The Stories of Names

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Behind every name, there is a story.  So what is the story of your name or the name of your business? I guess it will be interesting if you tell us. Let us take some examples from personal and corporate names in my country, Nigeria.

You must have heard that Nigeria’s acting President is Dr. Goodluck Jonathan. He assumed the presidential seat because his boss is very ill. Goodluck was a former university teacher. To expand his horizon, he entered politics and became Deputy Governor of Bayelsa State, the heart of Nigeria’s oil rich Niger Delta.

When his boss was removed from office by the state legislature, a few years ago, Goodluck was elevated to the seat of governor. In less than three years, he became Vice-President of the Federal Republic of Nigeria. Again, in less than three years, he became Acting President.

The story making the rounds in Nigeria now is that the man’s name is propelling him forward. The story of why he was named Goodluck has not been made public.  But the belief in Nigeria is that good luck is really following this man who is presently Nigeria’s Chief Executive and Commander –in-Chief of the armed forces.

Another story making the rounds in my country is that if your deputy’s name is Goodluck, you better be careful and be watching your back, else the force in that name will orchestrate change in your circumstances that will throw you out and create room for another Goodluck to take over your position.

So what’s in a name? Plenty and much of it are stories. In Nigeria, when a new baby is born, the circumstances within or around the family at time of birth will determine the baby’s name. Have you read Chinua Achebe’s, Things Fall Apart?  You will find out in that novel that the Igbo name , Nneka for females, means ‘Mother Is Supreme’. Ikemefuna, another character (male) in that all-time best selling book means, Let Me Not Lose My Strength.  In fact, the author’s first name in full is, Chinualumogu (Chinua for short). It means, Let My God Fight For Me. If you probe further and ask Chinua Achebe the story behind his name, he will have an interesting one to tell. Behind every name, there is a story. So what is the story behind your name, in your name?

In some cases, names are changed to tell a new story and create a new image. Marketing professionals call it rebranding. That is true but technical. The real thing is that when you change a name, especially for corporate, you want to tell a new story. That new story is what will create the desired perception or new image in the marketplace.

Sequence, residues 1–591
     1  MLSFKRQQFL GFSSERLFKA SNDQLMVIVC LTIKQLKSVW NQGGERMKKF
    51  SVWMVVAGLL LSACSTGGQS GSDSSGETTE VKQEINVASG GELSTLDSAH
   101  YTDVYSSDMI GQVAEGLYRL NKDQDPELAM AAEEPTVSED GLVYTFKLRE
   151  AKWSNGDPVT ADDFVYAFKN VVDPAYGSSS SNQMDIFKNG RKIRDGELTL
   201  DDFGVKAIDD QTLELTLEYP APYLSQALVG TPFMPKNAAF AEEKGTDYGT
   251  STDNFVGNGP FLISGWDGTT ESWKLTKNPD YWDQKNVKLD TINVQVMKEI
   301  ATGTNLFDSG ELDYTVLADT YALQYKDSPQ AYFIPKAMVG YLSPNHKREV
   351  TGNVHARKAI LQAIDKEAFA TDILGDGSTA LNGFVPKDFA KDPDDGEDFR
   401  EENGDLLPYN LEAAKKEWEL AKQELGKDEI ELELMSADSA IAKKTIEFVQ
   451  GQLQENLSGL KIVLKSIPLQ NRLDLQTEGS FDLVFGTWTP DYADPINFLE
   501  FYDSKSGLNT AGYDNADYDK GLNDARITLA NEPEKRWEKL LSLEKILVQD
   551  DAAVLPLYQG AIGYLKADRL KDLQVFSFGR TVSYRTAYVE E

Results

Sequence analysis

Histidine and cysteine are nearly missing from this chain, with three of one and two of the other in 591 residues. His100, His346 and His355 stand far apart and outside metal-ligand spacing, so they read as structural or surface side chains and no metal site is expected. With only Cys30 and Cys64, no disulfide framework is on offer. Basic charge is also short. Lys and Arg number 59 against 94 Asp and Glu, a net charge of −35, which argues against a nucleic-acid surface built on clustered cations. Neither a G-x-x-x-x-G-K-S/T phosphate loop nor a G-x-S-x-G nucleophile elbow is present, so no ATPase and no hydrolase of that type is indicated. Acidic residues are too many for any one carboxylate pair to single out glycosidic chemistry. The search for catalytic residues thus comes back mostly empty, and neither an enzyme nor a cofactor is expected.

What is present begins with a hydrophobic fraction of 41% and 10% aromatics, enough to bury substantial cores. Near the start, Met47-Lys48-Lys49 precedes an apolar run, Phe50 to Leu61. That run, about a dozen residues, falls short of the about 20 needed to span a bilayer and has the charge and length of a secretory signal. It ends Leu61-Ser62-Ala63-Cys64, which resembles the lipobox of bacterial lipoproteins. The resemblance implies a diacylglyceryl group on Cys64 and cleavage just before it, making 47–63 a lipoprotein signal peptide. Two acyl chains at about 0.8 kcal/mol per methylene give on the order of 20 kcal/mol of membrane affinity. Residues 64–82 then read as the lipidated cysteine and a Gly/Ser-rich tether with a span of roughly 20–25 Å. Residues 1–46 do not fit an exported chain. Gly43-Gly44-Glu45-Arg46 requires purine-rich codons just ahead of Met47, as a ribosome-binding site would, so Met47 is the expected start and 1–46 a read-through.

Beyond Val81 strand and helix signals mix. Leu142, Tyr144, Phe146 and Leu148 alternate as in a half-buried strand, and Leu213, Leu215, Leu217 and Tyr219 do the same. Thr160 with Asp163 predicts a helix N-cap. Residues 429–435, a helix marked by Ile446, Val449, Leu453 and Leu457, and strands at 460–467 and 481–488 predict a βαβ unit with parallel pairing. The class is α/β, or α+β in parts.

Take this example from Nigeria.

In 1985, pharmaceutical company May & Baker Nigeria Plc (M & B) changed its name to Embechem in line with the indigenization drive in the country then. The name confused consumers. They reacted by rejecting M & B brands bearing the new name. The change caused an identity crisis in the market. Why? Consumers have trusted the M & B brand initials over the years.

Generations of nursing mothers inNigeriahave used the popular M & B over-the-counter (OTC) medicines over the years to care for their babies. M & B had stuck firmly in their minds. Suddenly they began to see the same drugs with a new name. They became suspicious and stopped buying M & B. The pharmaceutical company reacted immediately and reverted to its original name, May & Baker. It has remained so since then. May & Baker wanted to tell a new story with the name change, but consumers did not buy that story. So what’s in a name? There’s is plenty in a name.

When the Malaysian consummate storyteller, Aneeta  Sundararaj wanted to repackage and rebrand her internet storytelling newsletter, I brainstormed with her at length on this, (I guess she did same with others)  until she finally came up with, Great Storytelling Network; good name for a  storytelling brand that has garnered  global recognition, at least in the storytelling world. If you ask her to tell you the story of choosing the GSN name and packaging the newsletter, I am sure she will write an interesting one.

Nations also change names to tell new stories about their people and lands. A new leader emerged in the West African country Upper Volta many years ago and changed its name to Burkina Faso which means, Land of The Brave. In yet another African country, Zaire’s strongman, the late Laurent Kabila reverted the Central African country’s name back to its original name of Congo.

What’s in name?  Beyond stories, there is plenty in a name: reputation, character, power, credibility, confidence, vision and image. Every name, individual or corporate, tells a story that sends a message to the market, positive or negative. A change of name can improve your fortunes or create an identity crisis which can ruin your business.

Names have to send the right signals and tell the right stories that will connect with the audience and command patronage. The impact of your name in the marketplace and the story it tells depends on customers’ perception, interpretation and understanding of your story.

We shall continue our discussion on the “Stories of Names,” in subsequent editions of the Great Storytelling Network.


Eric Okeke is a storyteller, editor, business writer, motivational speaker and author of the best selling book: I Want a Husband. He is one of Nigeria’s most experienced financial journalists. He has published several articles in local and foreign publications and in websites such as http://www.ezinearticles.com, www.ezinearticles.com and www.writingcareer.com. He is currently running Infomedia Company, a media consulting and information marketing company. Visit his blog at http://sallywantsahusband.blogspot.com

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